Both socioeconomic and psychological factors have been shown to predict patient function in samples of individuals with chronic pain in Western countries. However, little is known about their role as predictors of function in individuals with chronic pain from developing countries.
The purpose of this study was to examine the associations between measures of socioeconomic factors (income, education) and psychological factors (catastrophizing and resilience) and measures of function in a sample of individuals with chronic pain from rural Nepal. In addition, we sought to evaluate the moderating effects of socioeconomic factors on the associations between the psychological variables and function.
We interviewed 143 adults with chronic musculoskeletal pain from rural areas of Nepal to assess income, education level, pain intensity, catastrophizing, resilience, physical function, and depression. We performed two regression analyses to evaluate the direct and unique effects of the socioeconomic and psychological variables and pain intensity as predictors of patient function, as well as the moderating influence of income, education level, and pain intensity on the associations between the psychological variables and function.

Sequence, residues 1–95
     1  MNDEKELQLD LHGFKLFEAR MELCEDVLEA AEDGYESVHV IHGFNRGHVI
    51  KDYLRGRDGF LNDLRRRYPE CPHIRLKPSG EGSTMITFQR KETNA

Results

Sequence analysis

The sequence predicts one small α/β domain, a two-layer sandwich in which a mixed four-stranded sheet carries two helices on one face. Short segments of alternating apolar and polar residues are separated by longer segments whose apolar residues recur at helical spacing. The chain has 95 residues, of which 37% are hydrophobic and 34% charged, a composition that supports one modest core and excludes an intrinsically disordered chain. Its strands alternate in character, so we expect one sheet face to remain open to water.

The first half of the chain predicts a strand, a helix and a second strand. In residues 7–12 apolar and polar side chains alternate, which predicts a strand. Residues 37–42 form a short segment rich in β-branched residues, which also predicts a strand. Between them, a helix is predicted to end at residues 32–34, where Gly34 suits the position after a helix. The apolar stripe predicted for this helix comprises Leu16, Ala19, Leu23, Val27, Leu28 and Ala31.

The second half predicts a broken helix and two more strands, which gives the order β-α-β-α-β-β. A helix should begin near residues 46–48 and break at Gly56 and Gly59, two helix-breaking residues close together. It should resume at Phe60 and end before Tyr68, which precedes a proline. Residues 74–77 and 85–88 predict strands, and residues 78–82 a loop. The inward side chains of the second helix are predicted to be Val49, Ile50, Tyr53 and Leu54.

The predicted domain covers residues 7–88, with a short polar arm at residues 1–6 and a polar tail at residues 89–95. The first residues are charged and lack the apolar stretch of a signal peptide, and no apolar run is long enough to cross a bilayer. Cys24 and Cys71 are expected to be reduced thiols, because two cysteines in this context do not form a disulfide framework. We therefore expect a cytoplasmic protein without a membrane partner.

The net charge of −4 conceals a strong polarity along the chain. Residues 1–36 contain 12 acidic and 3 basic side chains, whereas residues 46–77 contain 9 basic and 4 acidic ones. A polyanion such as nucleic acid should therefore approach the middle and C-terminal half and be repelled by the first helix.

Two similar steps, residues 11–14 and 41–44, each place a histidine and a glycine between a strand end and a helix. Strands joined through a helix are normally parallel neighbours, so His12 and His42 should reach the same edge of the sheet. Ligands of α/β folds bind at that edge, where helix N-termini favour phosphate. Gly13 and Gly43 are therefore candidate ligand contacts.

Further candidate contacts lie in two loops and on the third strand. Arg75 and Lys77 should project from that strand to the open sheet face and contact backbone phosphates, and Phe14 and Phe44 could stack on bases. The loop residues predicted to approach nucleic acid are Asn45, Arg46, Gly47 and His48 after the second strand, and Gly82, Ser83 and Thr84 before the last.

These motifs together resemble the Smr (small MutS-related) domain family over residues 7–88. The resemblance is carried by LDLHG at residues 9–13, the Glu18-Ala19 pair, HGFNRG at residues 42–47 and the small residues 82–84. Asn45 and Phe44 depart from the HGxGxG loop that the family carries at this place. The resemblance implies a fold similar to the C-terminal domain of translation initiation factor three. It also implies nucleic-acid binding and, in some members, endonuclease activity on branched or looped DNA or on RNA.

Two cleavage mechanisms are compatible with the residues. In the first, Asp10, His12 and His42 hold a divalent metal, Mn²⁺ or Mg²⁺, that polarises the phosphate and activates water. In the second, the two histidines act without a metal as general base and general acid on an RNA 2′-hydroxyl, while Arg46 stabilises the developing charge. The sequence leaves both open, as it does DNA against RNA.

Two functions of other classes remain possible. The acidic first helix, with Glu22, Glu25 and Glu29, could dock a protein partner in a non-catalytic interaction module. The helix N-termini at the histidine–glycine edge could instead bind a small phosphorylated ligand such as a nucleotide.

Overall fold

Education and income both predicted physical function, but only income predicted depression. In addition, pain catastrophizing, but not resilience, evidenced a direct and significant independent association with depression. Neither catastrophizing nor resilience made independent and significant direct contributions to the prediction of physical function. The association between resilience and physical function was moderated by pain intensity and income, and income (but not education or pain intensity) moderated the associations between both 1) resilience and depression and 2) catastrophizing and depression.
The results suggest the possibility that cultural differences may influence the role that psychosocial factors play in chronic pain adjustment. These findings have important implications regarding how psychosocial pain interventions should be adapted by individuals in developing countries.